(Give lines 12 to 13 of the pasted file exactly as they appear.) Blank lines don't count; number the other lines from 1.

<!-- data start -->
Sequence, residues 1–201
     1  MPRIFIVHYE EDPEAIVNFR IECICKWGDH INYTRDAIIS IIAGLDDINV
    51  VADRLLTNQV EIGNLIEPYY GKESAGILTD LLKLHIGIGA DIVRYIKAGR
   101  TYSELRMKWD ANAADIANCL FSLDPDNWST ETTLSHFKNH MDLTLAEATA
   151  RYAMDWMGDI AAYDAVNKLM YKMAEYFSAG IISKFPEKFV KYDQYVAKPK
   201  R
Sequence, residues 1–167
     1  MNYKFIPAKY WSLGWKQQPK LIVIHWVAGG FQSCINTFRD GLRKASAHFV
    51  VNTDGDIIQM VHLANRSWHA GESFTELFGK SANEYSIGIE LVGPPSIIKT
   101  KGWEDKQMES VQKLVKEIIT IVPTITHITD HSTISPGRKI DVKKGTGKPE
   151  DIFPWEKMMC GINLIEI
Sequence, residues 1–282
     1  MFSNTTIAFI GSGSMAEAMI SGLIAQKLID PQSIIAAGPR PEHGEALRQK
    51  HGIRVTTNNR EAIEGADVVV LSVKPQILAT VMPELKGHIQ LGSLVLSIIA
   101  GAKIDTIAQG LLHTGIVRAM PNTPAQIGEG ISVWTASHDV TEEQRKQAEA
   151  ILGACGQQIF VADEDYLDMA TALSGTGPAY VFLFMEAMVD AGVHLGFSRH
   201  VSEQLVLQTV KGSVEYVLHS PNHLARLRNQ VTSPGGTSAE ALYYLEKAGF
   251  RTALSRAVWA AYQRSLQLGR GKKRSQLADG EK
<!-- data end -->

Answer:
Sequence, residues 1–282
     1  MFSNTTIAFI GSGSMAEAMI SGLIAQKLID PQSIIAAGPR PEHGEALRQK